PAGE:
When Moses uses this language he certainly does not mean that there shall be intestine dissensions, so that disciples shall rise up against their masters, and masters oppress their disciples, as Jerome fancies. But it is necessary to take the words as they sound, namely, that God would not be content with common and customary punishments when the Jews had arrived at the very last pitch of impiety and wickedness, since he blames them so severely. Hence Ezekiel now threatens this; nor is it surprising that the Prophets took such forms of expression from Moses, since they used the language of Moses rather than a new one, that the people might not despise their prophesyings. Now, therefore, we must decide, that the Prophet uses these threatenings against the Jews literally. But if any one now object that what God says will not happen does often happen, a solution must be sought for. For we said that when the Jews were besieged by Titus, such a ravenousness attacked certain women, that they fed by stealth on their own children. But God pronounces that he never would do this again I reply that this kind of vengeance is not to be restricted to one day, so that God should not often punish the Jews in a similar manner. But we do not read that this was done, except by the Jews, for although this cruelty is related in tragedies — that children were used as food by their parents, yet this barbarity nowhere existed, that a father knowingly and willingly ate his own son; hence this was peculiar to the Jews. And that God had once executed this vengeance on them by means of the Chaldeans, is no obstacle to his again inflicting the same punishment, when he wished to take vengeance on the extreme rebellion of the people. For although in Ezekiel’s time all things were very corrupt, yet we know that when the Son of God was rejected, the Jews cut off from themselves all hope of restoration to the mercy of God. It is not surprising, then, if again he had suffered sons to be devoured by their fathers, as he now threatens that fathers should be so rabid as not even to spare their own bowels.

I know not why Jerome invented this difference, which is altogether futile. For he says, that when a thing is honorable and becoming it should be ascribed to God, but when the thing itself is base, God averts the infamy from himself. For when this wonder is treated of here, God does not say I will cause the people to eat their sons, but he says, fathers shall eat their sons, and sons their fathers. But there is nothing solid in this comment, because the cruelty which the Chaldeans exercised towards the Jews certainly was not either honorable or becoming, and yet God ascribes to himself whatever the Chaldeans did. Again, what was baser than the incest of Absalom, in debauching his father’s wives? and even that was not sufficient, but he wished the whole people, at the sound of a trumpet, to be witnesses of his crime; and yet what does God say? “I will do this before the sun,” says he. (2 Samuel 12:12, and 2 Samuel 16:21, 22.) We see, then, that this man was not familiar with the Scriptures, and yet that he offered his comments too hastily. There was, indeed, no true religion in the man, and it is not without cause that I admonish you; for there is danger lest many be deceived, if they were not admonished that his genius was full of ostentation and arrogance.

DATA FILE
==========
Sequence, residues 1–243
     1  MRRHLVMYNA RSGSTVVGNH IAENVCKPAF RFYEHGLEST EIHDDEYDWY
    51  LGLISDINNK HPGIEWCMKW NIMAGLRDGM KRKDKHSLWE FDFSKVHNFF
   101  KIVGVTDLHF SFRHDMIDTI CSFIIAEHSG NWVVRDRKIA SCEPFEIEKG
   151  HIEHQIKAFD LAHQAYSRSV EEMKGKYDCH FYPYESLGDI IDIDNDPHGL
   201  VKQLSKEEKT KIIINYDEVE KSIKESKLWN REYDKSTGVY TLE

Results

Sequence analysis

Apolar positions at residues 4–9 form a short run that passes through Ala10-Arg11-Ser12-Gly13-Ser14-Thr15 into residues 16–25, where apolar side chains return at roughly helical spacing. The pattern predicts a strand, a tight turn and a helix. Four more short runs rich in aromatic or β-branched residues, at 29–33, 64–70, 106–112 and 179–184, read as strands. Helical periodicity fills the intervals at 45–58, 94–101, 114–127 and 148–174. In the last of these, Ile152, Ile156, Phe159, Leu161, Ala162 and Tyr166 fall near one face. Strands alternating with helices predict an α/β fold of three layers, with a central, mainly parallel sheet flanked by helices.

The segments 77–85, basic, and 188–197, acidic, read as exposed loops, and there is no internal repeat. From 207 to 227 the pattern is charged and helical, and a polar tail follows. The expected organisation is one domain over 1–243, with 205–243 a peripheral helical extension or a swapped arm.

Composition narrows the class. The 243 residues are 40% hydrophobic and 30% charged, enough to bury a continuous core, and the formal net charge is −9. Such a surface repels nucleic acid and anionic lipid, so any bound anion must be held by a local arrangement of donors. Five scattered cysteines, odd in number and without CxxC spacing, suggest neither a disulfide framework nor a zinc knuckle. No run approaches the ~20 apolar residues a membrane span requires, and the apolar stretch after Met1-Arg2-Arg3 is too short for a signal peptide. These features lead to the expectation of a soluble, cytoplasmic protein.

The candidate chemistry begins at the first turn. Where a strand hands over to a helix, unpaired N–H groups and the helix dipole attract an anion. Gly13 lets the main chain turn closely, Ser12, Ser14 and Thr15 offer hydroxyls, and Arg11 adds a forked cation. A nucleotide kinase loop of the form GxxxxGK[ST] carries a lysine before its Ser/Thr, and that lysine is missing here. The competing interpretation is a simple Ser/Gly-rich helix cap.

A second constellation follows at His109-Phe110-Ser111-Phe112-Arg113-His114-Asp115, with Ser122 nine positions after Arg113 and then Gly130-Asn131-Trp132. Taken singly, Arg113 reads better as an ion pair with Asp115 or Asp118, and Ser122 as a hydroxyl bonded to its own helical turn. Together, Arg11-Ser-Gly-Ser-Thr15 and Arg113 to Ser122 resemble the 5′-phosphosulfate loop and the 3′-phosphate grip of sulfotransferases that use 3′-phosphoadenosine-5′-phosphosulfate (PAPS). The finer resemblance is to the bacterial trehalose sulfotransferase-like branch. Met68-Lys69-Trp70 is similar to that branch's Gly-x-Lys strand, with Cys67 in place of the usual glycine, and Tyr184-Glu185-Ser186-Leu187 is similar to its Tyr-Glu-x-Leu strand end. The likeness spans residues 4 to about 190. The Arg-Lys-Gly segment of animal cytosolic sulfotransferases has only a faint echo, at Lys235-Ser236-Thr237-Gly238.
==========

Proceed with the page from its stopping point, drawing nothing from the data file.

He says, then, fathers shall eat their sons in the midst of you, and this was certainly fulfilled: for Jeremiah speaks of women, but he comprehends men also. (Lamentations 4:10.) For he says that women are tender-hearted, he does not say mothers merely, but that they were humane beyond others; but we know that maternal affection is more tender. But when mothers and those tender ones devour their children, that was the final portent. Now he adds, I will execute, therefore, (for the copula here ought to be resolved into the expletive particle,) judgments against thee That is, in this manner I will really show myself a judge, and I will scatter all thy remnants unto all winds. He signifies that there should be such dispersion, that no body or name of the people should remain. But that hope might cherish and sustain the Jews, if any name and body of the people had been left. But when God pronounces that they should be offscourings to be scattered to every wind, he takes away all hope of restoration for the present at least. We know that there was a certain number left, but such destruction was necessarily threatened before God gave any hope of his mercy. When he says, to any wind, he signifies in any quarter whatever. For as one or another wind blows so the dust is carried, and the offscourings are dispersed in all directions. It follows —